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Lookup NU author(s): Emeritus Professor Anthony Harriman,
Dr Kris Elliott
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A series of donor-spacer-acceptor triads has been synthesized and fully characterized. Both donor and acceptor units are built from boron dipyrromethene (BODIPY) dyes but they differ in their respective conjugation lengths, and thereby offer quite disparate optical properties. The spacer units comprise an oligomer of 1,4-phenylene-diethynylene repeat units and allow the boron-boron separation distance to be varied progressively from 18 to 38 angstrom. A notable feature of this series is that each subunit can be selectively excited with monochromatic light. Highly efficacious electronic energy transfer (EET) occurs from the first-excited singlet state localized on the conventional BODIPY dye to its counterpart resident on the expanded BODIPY-based nucleus, but the rate constant follows a nonlinear evolution with separation distance. Overall, the rate of EET falls by only a factor of 4-fold on moving from the shortest to the longest spacer. This shallow length dependence is a consequence of the energy gap between donor and spacer units becoming smaller as the molecular length increases. Interestingly, a simple relationship exists between the measured electronic resistance of the spacer unit and the Huang-Rhys factor determined by emission spectroscopy. Both parameters relate to the effective conjugation length. Direct illumination of the spacer unit leads to EET to both terminals, followed by EET from conventional BODIPY to the expanded version. In each case, EET to the expanded dye involves initial population of the second-singlet excited state, whereas transfer from spacer to the conventional BODIPY dye populates the S-2 state for shorter lengths but the S, state for the longer analogues. The rate of EET from spacer to conventional BODIPY dye, as measured for the corresponding molecular dyads, is extremely fast,(>10(11) s(-1)) and scales with the spectral overlap integral. The relative partitioning of EET from the spacer to each terminal is somewhat sensitive to the molecular length, with the propensity to populate the conventional BODIPY dye changing from 65% for N = 0 to 45% for N = 2. The most likely explanation for this behavior can be traced to the disparate spectral overlap integrals for the two dyes. These systems have been complemented by a molecular tetrad in which pyrene residues replace the fluorine atoms present on the conventional BODIPY-based dye. Here, rapid EET occurs from pyrene to the BODIPY dye and is followed by slower, long-range EET to the opposite terminal. Such materials are seen as highly attractive solar concentrators when dispersed in transparent plastic media and used under conditions where both inter- and intramolecular EET operate.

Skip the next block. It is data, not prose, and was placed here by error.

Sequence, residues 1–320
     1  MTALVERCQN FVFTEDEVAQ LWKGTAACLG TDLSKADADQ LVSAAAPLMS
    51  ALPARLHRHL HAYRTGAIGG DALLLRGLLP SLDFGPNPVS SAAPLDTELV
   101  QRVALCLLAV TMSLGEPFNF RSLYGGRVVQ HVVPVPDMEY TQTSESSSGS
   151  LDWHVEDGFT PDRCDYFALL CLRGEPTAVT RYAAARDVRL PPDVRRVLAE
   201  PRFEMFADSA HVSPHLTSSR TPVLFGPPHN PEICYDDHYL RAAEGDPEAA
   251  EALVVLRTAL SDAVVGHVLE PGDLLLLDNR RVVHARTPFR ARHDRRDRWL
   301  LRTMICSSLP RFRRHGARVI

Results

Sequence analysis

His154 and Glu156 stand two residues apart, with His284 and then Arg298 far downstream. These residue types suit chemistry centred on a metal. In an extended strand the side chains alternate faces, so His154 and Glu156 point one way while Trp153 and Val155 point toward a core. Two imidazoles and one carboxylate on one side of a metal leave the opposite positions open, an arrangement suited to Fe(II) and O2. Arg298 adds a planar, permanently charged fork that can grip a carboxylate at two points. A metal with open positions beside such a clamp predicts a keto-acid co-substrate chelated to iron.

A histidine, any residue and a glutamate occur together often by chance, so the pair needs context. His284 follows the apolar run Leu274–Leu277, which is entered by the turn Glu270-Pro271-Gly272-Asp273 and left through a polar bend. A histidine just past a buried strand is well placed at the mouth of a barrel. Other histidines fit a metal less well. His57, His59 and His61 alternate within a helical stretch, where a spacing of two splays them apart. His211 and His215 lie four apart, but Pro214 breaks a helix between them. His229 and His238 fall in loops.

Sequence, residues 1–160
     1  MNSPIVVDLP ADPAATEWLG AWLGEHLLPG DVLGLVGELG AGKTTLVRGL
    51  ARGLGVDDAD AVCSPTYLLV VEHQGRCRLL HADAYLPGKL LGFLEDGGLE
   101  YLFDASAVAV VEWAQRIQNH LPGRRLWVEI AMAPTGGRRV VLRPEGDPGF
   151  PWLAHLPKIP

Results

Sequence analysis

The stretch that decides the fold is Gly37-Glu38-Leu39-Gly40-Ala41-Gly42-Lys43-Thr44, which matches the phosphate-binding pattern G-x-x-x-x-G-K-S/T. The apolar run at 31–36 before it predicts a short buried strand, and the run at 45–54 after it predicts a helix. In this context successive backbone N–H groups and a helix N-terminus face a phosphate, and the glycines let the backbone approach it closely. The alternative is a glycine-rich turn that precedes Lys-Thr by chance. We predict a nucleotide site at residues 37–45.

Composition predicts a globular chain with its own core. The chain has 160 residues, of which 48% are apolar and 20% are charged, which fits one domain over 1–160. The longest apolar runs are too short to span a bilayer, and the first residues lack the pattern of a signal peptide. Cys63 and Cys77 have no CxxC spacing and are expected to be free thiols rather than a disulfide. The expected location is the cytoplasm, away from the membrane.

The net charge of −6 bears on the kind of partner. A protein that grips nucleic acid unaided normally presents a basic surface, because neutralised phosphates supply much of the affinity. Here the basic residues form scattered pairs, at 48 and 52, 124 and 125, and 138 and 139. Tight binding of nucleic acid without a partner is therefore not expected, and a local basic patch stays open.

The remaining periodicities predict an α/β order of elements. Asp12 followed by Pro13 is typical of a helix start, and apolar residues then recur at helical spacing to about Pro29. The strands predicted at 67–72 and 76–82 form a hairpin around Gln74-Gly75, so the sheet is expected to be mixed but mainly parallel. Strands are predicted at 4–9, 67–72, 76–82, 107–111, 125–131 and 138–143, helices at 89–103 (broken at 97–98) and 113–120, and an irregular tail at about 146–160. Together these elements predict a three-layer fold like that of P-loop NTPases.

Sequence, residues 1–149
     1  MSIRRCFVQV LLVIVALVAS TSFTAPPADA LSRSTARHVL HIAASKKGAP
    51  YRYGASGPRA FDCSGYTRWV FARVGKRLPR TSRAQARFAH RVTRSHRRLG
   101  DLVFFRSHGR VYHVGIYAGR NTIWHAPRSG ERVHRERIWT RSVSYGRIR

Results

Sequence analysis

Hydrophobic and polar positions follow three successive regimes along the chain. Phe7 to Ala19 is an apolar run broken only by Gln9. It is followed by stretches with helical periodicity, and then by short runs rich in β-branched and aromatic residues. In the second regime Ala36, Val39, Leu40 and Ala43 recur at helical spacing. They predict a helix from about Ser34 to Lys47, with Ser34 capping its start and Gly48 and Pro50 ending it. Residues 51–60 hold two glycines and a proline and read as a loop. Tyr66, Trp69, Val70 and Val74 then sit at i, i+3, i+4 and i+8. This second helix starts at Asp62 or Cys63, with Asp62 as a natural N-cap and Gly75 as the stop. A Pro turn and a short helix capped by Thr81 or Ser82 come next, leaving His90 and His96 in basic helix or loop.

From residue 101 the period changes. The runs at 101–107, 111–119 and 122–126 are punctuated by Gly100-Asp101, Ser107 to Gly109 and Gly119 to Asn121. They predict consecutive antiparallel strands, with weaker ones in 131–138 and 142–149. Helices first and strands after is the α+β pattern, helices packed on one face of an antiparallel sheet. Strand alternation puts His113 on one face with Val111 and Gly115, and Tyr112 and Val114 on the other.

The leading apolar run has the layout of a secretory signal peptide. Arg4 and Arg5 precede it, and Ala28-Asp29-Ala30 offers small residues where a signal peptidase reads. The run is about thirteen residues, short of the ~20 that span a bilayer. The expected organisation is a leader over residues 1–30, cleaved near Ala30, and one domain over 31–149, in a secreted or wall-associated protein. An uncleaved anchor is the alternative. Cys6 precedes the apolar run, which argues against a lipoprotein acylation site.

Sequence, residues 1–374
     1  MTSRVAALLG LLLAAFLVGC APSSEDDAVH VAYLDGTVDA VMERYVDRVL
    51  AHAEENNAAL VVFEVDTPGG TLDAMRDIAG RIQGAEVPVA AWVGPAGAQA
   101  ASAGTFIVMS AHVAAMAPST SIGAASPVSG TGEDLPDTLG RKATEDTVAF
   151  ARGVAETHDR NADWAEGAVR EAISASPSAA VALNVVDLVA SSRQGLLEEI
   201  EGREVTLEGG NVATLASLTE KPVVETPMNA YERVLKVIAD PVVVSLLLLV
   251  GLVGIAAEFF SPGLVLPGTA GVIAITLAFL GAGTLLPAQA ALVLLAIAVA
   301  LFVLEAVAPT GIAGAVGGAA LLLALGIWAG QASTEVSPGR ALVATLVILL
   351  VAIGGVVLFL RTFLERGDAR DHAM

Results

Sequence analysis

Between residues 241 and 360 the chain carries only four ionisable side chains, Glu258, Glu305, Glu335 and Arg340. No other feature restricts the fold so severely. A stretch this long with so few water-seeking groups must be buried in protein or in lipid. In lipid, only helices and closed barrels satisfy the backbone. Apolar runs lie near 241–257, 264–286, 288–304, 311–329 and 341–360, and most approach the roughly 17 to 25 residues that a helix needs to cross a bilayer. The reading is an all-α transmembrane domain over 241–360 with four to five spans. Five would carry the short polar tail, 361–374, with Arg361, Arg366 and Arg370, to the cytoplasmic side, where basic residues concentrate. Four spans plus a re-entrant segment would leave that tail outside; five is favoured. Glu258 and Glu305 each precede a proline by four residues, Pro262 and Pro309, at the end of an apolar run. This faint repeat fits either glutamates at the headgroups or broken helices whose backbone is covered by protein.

Author(s): Harriman A, Mallon LJ, Elliott KJ, Haefele A, Ulrich G, Ziessel R
Publication type: Article
Publication status: Published
Journal: Journal of the American Chemical Society
ISSN (print): 0002-7863
ISSN (electronic): 1943-2984
Publisher: American Chemical Society
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